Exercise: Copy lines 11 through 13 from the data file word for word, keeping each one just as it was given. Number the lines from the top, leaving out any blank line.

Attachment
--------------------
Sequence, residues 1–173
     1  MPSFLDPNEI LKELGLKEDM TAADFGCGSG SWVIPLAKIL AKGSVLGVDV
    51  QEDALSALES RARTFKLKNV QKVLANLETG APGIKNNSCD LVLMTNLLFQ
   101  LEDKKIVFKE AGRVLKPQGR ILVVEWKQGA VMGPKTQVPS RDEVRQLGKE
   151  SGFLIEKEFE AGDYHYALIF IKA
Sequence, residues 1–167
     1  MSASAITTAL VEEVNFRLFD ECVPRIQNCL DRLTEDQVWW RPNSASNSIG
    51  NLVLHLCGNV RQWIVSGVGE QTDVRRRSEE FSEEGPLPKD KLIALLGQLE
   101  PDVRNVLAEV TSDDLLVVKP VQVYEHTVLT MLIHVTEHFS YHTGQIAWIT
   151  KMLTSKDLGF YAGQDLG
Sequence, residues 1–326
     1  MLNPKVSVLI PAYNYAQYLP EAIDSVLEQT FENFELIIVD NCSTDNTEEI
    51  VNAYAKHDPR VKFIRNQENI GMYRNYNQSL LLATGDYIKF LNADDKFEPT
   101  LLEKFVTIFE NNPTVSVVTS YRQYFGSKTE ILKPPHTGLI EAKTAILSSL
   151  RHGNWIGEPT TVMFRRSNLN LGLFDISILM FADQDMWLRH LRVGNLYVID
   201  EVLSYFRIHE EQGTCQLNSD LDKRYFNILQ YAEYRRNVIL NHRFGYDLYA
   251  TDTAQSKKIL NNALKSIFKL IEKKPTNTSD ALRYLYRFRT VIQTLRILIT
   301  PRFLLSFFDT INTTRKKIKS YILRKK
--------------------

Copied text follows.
Sequence, residues 1–326
     1  MLNPKVSVLI PAYNYAQYLP EAIDSVLEQT FENFELIIVD NCSTDNTEEI
    51  VNAYAKHDPR VKFIRNQENI GMYRNYNQSL LLATGDYIKF LNADDKFEPT